With regards to the development and test program (System Design and Development or SDD) the Secretary of Defense directed that the JSF program decouple testing of the Short Take-Off/Vertical Landing (STOVL) version (F-35B) from the Carrier Version (CV; F-35C) and Conventional Take-Off and Landing (CTOL; F-35A) version, so that all would proceed as rapidly as possible. This would also prevent the STOVL version from delaying the other variants. An additional $4.6 billion would be added to the SDD program through its completion in 2016, on top of the $9.2 billion to go already planned by the end of 2010, for a total to go SDD cost of $13.8 billion. Through FY11 approximately $37 billion had been spent on JSF SDD. Also, the schedule would be extended so that the SDD would end in early 2016 instead of mid-2015 as planned in the 2010 JET II Revised schedule. The extra SDD funding was needed because: (A) TBR found that additional testing would be needed that was not previously planned; and (B) cost estimates for previously planned testing were too low. All 3 services were to reassess their planned IOCs based on revised SDD schedule, but had not done so by January 2011.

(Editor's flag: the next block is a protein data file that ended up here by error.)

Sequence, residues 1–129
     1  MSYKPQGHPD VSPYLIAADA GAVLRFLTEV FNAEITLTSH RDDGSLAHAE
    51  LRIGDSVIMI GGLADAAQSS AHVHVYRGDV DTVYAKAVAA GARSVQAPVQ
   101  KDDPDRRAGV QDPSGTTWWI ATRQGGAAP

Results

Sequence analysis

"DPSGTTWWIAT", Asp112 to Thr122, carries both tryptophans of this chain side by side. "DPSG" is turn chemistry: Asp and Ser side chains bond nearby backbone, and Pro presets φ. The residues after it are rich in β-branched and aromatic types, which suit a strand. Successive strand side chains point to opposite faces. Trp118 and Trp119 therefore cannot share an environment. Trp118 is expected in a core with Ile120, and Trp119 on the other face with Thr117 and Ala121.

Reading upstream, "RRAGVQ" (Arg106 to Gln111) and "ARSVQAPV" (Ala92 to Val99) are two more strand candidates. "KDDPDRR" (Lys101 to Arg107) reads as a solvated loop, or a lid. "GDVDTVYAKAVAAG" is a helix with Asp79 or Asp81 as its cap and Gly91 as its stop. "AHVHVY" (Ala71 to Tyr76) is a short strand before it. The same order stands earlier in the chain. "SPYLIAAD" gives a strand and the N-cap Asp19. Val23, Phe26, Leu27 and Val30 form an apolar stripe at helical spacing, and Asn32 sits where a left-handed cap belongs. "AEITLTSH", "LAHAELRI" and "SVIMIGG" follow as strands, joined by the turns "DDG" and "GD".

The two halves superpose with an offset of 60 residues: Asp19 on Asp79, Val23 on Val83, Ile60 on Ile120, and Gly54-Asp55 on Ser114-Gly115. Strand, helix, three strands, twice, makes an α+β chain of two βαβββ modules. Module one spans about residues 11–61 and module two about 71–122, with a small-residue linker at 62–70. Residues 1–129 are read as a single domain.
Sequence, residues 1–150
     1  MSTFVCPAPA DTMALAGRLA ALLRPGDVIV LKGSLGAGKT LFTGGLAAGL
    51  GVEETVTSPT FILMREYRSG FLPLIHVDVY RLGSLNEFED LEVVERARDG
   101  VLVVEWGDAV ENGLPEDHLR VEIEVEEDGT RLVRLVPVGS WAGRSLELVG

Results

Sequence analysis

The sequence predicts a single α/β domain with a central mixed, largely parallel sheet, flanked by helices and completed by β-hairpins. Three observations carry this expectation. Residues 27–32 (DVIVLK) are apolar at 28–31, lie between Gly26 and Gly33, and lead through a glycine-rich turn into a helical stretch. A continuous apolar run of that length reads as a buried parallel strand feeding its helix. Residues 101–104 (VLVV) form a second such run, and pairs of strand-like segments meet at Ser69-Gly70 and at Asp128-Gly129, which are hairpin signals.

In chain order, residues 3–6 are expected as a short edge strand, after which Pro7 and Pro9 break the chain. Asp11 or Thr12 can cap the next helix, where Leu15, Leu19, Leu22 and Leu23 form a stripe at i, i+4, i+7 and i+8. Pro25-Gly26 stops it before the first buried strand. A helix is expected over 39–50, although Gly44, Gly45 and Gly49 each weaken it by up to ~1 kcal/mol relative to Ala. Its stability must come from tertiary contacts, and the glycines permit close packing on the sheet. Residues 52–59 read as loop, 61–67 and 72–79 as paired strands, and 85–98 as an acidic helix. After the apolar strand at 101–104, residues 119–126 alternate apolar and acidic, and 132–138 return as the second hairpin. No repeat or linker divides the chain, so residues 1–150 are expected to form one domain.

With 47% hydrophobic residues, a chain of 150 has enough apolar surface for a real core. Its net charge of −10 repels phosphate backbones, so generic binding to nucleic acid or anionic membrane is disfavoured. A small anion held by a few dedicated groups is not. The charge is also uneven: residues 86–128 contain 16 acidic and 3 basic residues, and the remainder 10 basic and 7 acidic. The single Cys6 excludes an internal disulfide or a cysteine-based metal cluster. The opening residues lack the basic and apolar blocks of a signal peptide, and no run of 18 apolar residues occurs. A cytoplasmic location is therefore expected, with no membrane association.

The FY12 Defense Budget was to include funding for a US buy of 32 aircraft, approximately the same as in FY11. There were 2 reasons for holding JSF production at existing levels for another year: (A) the final assembly process at Fort Worth was still maturing; (B) slowing production reduced concurrency risk while development and testing were continuing. Beginning in FY13, production would be ramped up by a factor of 1.5 per year, in accordance with the recommendations of the Manufacturing Review Team (MRT). This was the ramp up that optimally balanced efficiency against concurrency risk. It was the fastest that DOD estimated in January 2011, based on the TBR, that future production could prudently be increased. The ramp, plus planned US buys, left adequate room for partner country orders and foreign military sales. Slowing production in the next few years would not have a significant effect on overall JSF unit costs in the future.